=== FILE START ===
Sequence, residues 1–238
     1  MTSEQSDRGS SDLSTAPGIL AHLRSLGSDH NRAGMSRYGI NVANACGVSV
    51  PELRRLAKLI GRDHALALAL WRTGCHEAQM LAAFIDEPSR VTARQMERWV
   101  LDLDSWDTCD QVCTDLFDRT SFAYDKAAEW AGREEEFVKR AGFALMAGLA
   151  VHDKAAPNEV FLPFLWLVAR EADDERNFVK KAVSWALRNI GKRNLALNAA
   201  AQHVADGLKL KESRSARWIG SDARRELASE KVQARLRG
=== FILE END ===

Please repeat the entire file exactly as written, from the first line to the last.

Sequence, residues 1–238
     1  MTSEQSDRGS SDLSTAPGIL AHLRSLGSDH NRAGMSRYGI NVANACGVSV
    51  PELRRLAKLI GRDHALALAL WRTGCHEAQM LAAFIDEPSR VTARQMERWV
   101  LDLDSWDTCD QVCTDLFDRT SFAYDKAAEW AGREEEFVKR AGFALMAGLA
   151  VHDKAAPNEV FLPFLWLVAR EADDERNFVK KAVSWALRNI GKRNLALNAA
   201  AQHVADGLKL KESRSARWIG SDARRELASE KVQARLRG